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Renault Launches eco2 Appellation; New TCE 100 Engine an Example

7 May 2007

Photo_media_en_13984_bd_ren2007eco2
Renault’s eco2 logo.

Renault is introducing a new appellation—Renault eco2—for its most fuel-efficient and “ecological” products.

Renault eco2 vehicles meet three global standards: they are produced in an ISO-14001-certified plant, their CO2 emissions do not exceed 140 g/km (or are biofuel-compatible) and, in addition to being 95% reusable at the end of their life, at least 5% of the plastics they contain have been recycled.

The appellation will apply to vehicles such as those powered by the downsized 1.2-liter TCE {Turbo Control Efficiency) 100 hp engine offered in the Twingo, the E85 Mégane scheduled for June release, and the B30 biodiesel Trafic and Master. (Earlier post.)

The eco2 line will initially apply to Renault-brand vehicles only, although the company will later extend the appellation to other regions of the world.

Tce100
The TCE 100 engine. Click to enlarge.

The TCE engine. Renault announced the development of the TCE 100 engine in 2006. The 1.2-liter gasoline engine will be applied in A- and B-segment models, and is first appearing in the just-announced Twingo.

The engine consumes 5.9 liters/100km (40 mpg US) of fuel and has CO2 emissions of 140 g/km.

In addition to the new Twingo, Renault will apply the TCE 100 in both the  Modus and Clio.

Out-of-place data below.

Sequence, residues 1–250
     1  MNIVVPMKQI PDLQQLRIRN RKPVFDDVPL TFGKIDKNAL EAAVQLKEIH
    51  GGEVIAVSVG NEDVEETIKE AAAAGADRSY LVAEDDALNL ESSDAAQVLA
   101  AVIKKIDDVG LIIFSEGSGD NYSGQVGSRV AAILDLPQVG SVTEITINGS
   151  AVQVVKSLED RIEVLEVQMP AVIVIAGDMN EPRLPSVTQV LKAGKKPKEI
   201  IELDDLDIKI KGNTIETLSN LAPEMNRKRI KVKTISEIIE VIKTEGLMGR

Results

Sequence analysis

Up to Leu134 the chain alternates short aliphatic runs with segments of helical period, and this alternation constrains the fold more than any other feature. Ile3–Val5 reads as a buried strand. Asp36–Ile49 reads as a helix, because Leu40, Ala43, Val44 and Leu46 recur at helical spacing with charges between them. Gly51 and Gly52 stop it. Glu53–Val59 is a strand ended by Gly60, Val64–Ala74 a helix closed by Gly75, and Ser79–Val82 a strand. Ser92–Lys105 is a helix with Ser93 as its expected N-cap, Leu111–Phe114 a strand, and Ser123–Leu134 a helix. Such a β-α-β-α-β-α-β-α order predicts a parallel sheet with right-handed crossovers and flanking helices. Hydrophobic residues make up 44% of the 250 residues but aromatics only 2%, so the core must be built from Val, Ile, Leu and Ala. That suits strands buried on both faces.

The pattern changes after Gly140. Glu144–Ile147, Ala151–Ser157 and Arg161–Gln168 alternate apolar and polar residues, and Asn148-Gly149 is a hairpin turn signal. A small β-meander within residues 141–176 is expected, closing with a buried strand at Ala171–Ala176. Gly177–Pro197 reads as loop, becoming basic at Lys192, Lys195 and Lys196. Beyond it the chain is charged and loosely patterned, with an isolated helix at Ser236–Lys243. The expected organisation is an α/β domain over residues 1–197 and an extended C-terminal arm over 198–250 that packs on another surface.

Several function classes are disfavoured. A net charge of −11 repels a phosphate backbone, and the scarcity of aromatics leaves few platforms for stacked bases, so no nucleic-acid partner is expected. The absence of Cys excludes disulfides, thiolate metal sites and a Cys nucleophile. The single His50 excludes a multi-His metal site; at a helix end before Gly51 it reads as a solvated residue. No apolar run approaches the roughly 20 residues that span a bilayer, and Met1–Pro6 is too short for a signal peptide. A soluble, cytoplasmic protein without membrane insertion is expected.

Developed from the 1.2 16V 75hp block, the TCE 100 features a low-inertia turbo that ensures minimal lag thanks to its small diameter turbine and compressor. Its maximum power of 100 hp (75 kW) and peak torque of 145 Nm (107 lb-ft) are available at 5,500 rpm and 3,000 rpm respectively.

Tce100map
Click to enlarge.

The turbocharger includes an overpower feature which temporarily boosts power output in 2nd, 3rd and 4th gears at engine speeds of more than 4,500 rpm (5 hp extra power and 6 Nm extra torque).

Some 30 per cent of the TCE 100’s components are new compared with the 75hp block. The new engine also benefits from several evolutions, notably sodium-cooled valves for enhanced resistance to heat, oil jet-cooled pistons and optimized cylinder head cooling. The injectors, sparkplugs and coil are all specific to the TCE 100, while its sump is made from aluminium.

The four-into-one exhaust manifold has been carefully designed to optimize the flow of exhaust gases in order to maximize the delivery of energy to the turbine. A tumble-effect movement of the air inside the cylinders favours combustion speed for enhanced chamber-filling efficiency and improved stability when idling.

May 7, 2007 in Climate Change, Fuel Efficiency, Sustainability | Permalink | Comments (9) | TrackBack (0)

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Comments

This looks like a sensible engineering approach to improving fuel economy in the B segment (in Europe, mostly compact hatchbacks). 100hp is quite sufficient for a car that is used primarily for city and suburban driving, and the turbo ensures that 90% of rated torque is available from ~1600RPM, permitting early upshifts in normal operation.

The marketing is a bit over the top, and hidden in there is a crucial caveat: engines must achieve "140 g/km (or [be] biofuel-compatible)". Using FFV capability to greenwash poor (gravimetric) fuel economy is a ruse we've already seen under CAFE rules in the US. Biofuels only mitigate climate change if well-to-wheels CO2 emissions are actually better than those for the corresponding conventional fuel. Granted, that is a complex calculation involving many parameters outside a carmaker's control - all the more reason to specify a limit for tailpipe CO2 emissions based on biofuel blend fraction.